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Do you need to pay superannuation for contractors?

A contractor can turn into an employee for legal and financial obligations, so when working with contractors, employers need to test whether they count as an employee or contractor for superannuation purposes according to the rules stated in the Superannuation Guarantee (SG).

The ATO states that even if contractors quote an Australian Business Number (ABN), they are identified as employees for superannuation guarantee purposes if they are paid mainly for their labour. Employers must make superannuation contributions to these workers if they are being paid:

If any of the above criteria are not met, then employers may not have to pay superannuation. The minimum amount of super that needs to be paid is 9.5% of each worker’s ordinary time earnings (OTE), which is what employees earn for their ordinary hours of work such as commissions, allowances, bonuses, and shift loading.

Employers who attempt to avoid financial and legal obligations to workers by disguising an employment relationship as an independent contracting arrangement can be held liable for ‘sham contracting’ under the Fair Work Act 2009. This can incur fines up to $54 000.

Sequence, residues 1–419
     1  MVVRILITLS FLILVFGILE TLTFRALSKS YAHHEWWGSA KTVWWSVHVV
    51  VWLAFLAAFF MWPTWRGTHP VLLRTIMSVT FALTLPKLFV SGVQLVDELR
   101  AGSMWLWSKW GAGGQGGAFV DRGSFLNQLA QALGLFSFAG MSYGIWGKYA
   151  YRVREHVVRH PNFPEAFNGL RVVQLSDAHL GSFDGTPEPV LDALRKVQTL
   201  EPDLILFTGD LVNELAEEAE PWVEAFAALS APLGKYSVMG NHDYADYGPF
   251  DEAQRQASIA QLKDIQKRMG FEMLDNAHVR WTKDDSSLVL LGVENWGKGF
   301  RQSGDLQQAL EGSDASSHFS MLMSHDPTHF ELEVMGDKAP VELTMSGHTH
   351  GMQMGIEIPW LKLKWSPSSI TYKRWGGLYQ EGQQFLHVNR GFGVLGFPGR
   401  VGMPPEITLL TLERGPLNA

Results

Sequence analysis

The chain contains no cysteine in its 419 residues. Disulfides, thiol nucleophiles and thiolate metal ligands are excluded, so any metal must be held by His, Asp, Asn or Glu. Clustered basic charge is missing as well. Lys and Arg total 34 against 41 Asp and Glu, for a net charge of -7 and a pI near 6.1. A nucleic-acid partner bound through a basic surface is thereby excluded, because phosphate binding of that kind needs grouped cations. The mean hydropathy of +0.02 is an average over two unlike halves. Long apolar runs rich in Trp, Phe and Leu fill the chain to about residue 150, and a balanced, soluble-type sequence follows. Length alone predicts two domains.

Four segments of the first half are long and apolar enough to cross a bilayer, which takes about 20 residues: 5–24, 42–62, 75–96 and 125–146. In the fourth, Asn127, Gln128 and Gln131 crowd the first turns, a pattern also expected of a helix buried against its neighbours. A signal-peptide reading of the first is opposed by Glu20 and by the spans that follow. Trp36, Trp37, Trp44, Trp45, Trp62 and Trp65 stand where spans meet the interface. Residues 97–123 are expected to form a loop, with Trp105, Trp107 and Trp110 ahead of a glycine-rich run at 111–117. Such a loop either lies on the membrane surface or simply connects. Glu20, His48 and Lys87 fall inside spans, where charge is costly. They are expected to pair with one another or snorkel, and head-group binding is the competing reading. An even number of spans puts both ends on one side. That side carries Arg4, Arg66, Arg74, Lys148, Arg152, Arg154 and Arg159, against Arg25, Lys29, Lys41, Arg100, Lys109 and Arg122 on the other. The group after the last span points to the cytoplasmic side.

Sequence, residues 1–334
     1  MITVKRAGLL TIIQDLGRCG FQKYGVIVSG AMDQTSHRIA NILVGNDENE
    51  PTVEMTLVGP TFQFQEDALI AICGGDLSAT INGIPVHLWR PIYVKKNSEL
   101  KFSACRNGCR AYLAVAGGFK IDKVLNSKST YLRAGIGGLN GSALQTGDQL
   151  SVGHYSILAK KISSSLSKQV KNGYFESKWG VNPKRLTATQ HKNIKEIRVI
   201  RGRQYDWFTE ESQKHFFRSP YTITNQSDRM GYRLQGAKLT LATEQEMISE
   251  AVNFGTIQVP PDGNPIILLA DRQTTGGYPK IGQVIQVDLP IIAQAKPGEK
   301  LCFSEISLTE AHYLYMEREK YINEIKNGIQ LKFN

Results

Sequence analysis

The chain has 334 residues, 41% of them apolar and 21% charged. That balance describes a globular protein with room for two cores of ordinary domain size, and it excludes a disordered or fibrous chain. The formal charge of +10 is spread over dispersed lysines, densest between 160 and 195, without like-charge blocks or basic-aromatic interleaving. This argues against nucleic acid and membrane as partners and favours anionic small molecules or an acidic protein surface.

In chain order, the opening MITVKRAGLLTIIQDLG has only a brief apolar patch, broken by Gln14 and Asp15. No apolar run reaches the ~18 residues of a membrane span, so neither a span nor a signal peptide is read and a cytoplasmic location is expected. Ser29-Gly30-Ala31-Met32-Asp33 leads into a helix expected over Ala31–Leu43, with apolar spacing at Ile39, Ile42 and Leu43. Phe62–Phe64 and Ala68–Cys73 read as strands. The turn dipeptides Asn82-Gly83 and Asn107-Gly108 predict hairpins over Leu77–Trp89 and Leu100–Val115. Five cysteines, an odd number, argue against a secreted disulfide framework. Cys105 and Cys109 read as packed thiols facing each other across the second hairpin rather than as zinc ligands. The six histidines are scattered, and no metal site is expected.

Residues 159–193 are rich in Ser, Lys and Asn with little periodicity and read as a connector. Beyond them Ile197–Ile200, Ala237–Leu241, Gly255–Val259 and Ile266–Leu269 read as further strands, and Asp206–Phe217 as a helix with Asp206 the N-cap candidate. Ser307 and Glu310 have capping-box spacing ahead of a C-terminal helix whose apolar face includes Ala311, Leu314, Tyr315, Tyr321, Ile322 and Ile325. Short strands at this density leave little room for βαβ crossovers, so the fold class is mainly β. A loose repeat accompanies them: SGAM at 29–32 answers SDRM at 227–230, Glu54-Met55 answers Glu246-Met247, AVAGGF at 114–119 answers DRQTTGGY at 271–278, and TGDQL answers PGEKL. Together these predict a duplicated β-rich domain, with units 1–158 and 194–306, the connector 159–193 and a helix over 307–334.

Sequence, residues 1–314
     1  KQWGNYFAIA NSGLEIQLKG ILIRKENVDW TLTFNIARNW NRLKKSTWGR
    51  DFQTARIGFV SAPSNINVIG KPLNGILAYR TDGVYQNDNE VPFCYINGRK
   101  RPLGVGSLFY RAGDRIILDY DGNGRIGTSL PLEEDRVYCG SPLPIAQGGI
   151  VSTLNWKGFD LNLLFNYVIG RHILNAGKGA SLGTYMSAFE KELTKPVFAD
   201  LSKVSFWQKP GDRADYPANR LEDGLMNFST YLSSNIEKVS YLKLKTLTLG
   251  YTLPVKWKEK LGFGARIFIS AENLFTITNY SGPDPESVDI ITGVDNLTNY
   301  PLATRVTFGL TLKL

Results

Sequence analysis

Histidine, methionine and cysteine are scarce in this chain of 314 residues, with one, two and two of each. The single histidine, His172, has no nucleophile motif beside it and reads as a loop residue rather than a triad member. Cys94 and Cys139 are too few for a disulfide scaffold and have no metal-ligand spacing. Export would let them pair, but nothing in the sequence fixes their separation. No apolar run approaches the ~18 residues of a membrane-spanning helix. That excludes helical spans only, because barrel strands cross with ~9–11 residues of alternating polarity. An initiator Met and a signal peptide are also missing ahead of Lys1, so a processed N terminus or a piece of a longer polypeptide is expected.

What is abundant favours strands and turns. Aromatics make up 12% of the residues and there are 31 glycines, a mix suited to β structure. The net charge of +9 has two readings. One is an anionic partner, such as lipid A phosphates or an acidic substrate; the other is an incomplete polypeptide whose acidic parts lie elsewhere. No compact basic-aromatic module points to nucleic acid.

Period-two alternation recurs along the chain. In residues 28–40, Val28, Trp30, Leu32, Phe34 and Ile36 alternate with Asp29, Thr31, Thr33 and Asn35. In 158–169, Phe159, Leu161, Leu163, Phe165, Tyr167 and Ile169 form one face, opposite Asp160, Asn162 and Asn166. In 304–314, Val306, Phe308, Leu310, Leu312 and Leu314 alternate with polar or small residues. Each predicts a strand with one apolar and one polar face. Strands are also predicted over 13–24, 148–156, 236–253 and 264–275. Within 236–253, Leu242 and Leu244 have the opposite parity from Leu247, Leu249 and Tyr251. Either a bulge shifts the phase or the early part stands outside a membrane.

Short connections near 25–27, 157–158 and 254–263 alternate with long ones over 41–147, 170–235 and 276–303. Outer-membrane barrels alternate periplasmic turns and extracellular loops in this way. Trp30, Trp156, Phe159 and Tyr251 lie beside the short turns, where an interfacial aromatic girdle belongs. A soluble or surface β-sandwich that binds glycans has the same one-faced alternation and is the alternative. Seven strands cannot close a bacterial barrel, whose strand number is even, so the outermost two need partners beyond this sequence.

Posted on 23 October '19 by , under Super.

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Transition to retirement

The transition to retirement (TTR) strategy allows you to access some of your super while you continue to work.

You are able to use the TTR strategy if you are aged 55 to 60. You can use it to supplement your income if you reduce your work hours or boost your super and save on tax while you keep working full time.

  • Starting a TTR pension: To start your TTR pension, transfer some of your super to an account-based pension. You have to keep some money in your super account so that you can continue to receive your employer's compulsory contributions as well as any voluntary contributions you may be making.
  • Government benefits and TTR: The benefits you or your partner receive might be impacted if you choose to opt for this strategy. How and what exactly will change might become clearer upon discussing this with a Financial Information Service (FIS) officer.
  • Life insurance and TTR: In some cases, the life insurance cover you have with your super may stop or reduce if you start a TTR pension – check this before making any decisions or changes.

TTR can help ease your mind as you transition into retirement but it can be a bit complex. Before you choose whether you want to use TTR to reduce work hours or save on tax, or even if you want to use TTR altogether, you should figure out how this will impact all aspects of your finances.

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